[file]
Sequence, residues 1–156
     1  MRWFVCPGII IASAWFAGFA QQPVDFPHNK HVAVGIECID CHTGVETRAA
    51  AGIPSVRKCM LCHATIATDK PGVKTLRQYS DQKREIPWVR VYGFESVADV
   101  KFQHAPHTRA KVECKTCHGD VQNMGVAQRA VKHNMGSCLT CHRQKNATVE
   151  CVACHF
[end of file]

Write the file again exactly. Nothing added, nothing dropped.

Sequence, residues 1–156
     1  MRWFVCPGII IASAWFAGFA QQPVDFPHNK HVAVGIECID CHTGVETRAA
    51  AGIPSVRKCM LCHATIATDK PGVKTLRQYS DQKREIPWVR VYGFESVADV
   101  KFQHAPHTRA KVECKTCHGD VQNMGVAQRA VKHNMGSCLT CHRQKNATVE
   151  CVACHF